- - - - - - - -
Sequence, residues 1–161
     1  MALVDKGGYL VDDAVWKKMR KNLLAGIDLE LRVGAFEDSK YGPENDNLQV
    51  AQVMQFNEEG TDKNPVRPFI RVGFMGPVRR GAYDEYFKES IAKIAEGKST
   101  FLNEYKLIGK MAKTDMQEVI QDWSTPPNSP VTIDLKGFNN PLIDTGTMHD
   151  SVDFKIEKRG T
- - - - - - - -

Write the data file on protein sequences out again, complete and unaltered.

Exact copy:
Sequence, residues 1–161
     1  MALVDKGGYL VDDAVWKKMR KNLLAGIDLE LRVGAFEDSK YGPENDNLQV
    51  AQVMQFNEEG TDKNPVRPFI RVGFMGPVRR GAYDEYFKES IAKIAEGKST
   101  FLNEYKLIGK MAKTDMQEVI QDWSTPPNSP VTIDLKGFNN PLIDTGTMHD
   151  SVDFKIEKRG T